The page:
Temperatures in many parts of the country have already dropped considerably in the first few weeks of 2016, and as such, the potential for cold-weather related health issues has increased dramatically. This is especially true for the elderly and those with compromised immune systems. Cold weather can affect your immune system, your heart, your skin, lungs and body temperature.

But regardless of if you consider yourself as at risk or healthy, you should always try to be prepared as best you can to brace the freezing temps outside.

Our first line of defense against cold weather is dressing properly when going outside. This means dressing warmly, and paying particular attention to your extremities like your hands, feet and head. The body tries to keep the essential organs warm, and core temperature up by shunting blood away from the extremities and towards the center of the body. This is why we see more cases of hypothermia, especially in the elderly, as the temperatures get colder.

Hypothermia occurs when your body loses heat faster than it can produce it. When body temperature drops to extremely low temperatures, your heart, nervous system and other organs start to shut down.

If left untreated, hypothermia can be fatal. As hypothermia is a major concern in below-freezing temperatures, knowing the symptoms can help us prevent it altogether. The primary symptoms are shivering, dizziness, confusion, weakness, increased heart rate and faster breathing. As hyperthermia progresses, it can cause very shallow breathing, sleepiness, slurred speech, clumsiness and loss of consciousness. If you start to feel any of these symptoms, you should get indoors and try to warm up by taking off any wet clothing, and laying with warm clothes and blankets.

Hypothermia is not the only concern in cold winter temps. Being outside without the proper gear, especially for prolonged periods of time, can mean muscle tears or sprains, frostbite and even permanent nerve damage.

Frostbite is an injury that occurs when the skin and underlying tissues freeze from being exposed to cold and windy weather. Mild frostbite is characterized by coldness, redness, hardness and numbness of the skin. Mild frostbite will not cause any permanent damage but taking measures to avoid any progression of the frostbite is very important. Your extremities are most vulnerable as mentioned, which is why it is so imperative to cover fingers, toes, ears and face. If frostbite is allowed to progress, skin can blister or turn black from deeper tissue necrosis.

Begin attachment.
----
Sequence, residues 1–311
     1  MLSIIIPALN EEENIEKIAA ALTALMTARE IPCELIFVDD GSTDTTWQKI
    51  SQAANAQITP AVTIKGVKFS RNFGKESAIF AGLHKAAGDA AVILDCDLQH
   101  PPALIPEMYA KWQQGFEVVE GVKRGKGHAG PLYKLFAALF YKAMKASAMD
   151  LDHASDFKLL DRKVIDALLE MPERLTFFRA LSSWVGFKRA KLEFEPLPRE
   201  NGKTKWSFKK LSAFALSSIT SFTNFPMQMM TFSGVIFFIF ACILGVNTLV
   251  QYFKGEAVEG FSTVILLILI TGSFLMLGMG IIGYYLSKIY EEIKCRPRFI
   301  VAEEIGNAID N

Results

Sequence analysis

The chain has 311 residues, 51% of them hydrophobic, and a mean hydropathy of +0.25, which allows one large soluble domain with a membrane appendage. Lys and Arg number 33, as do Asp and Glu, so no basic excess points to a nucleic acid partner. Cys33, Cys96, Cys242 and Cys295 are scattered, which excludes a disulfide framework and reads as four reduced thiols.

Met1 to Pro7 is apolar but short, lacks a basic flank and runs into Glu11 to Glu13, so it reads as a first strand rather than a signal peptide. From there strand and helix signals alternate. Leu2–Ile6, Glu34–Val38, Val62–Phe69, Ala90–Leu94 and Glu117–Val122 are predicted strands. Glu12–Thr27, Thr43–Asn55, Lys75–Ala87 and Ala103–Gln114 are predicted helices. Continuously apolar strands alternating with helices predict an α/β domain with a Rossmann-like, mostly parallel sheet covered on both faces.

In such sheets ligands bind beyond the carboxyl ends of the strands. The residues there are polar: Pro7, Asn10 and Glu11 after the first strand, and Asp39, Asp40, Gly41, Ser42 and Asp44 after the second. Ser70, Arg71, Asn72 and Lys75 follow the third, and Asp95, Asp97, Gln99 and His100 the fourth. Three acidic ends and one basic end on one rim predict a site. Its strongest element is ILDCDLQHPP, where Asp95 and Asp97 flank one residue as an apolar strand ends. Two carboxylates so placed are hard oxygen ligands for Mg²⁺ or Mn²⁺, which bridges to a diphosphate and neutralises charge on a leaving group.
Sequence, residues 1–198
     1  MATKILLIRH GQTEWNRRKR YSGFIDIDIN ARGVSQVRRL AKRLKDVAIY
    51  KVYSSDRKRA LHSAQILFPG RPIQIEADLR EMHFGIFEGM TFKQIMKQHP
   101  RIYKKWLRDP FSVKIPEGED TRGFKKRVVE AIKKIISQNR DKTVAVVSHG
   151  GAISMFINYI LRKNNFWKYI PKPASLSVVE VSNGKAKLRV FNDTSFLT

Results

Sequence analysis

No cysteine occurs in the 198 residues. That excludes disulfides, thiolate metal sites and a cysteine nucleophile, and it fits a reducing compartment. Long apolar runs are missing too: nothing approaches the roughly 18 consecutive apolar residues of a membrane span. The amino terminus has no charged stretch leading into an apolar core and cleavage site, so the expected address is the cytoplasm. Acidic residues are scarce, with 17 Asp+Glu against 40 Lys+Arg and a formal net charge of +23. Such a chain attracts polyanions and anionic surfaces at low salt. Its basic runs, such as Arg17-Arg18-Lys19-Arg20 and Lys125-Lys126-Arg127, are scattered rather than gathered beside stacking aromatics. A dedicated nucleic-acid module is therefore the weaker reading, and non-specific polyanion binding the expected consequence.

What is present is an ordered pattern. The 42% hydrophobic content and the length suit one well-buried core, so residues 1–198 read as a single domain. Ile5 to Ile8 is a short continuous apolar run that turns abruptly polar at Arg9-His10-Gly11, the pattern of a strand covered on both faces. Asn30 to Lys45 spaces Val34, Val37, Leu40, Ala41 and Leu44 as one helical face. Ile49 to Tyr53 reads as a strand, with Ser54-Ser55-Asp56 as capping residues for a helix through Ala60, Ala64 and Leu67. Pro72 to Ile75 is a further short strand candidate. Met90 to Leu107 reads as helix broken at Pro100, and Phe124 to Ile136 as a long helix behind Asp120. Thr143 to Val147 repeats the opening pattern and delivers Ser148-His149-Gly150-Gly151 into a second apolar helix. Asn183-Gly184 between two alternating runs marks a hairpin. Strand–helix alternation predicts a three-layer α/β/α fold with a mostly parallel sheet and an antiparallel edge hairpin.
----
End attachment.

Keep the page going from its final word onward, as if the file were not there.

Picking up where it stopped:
So what can you do to prevent hypothermia and frostbite this winter? Dress appropriately for the weather. This means hats, gloves, socks, scarves and warm clothing. It is also important to note the type of winter wear you are donning. Unfortunately, not all coats, gloves, hats, etc. are made of material that is protective against wet, freezing, and windy weather.

Furthermore, staying out in the wind or cold for too long can have the same effect even if temperatures aren’t below freezing. So be mindful of any symptoms that may indicate for hypothermia or frostbite and stay ahead of the weather to protect your health.
 

Dr. Samadi is a board-certified urologic oncologist trained in open and traditional and laparoscopic surgery and is an expert in robotic prostate surgery. He is chairman of urology, chief of robotic surgery at Lenox Hill Hospital and professor of urology at Hofstra North Shore-LIJ School of Medicine. He is a medical correspondent for the Fox News Channel's Medical A-Team and the chief medical correspondent for am970 in New York City. Learn more at roboticoncology.com. Visit Dr. Samadi's blog at SamadiMD.com. Follow Dr. Samadi on Twitter and Facebook.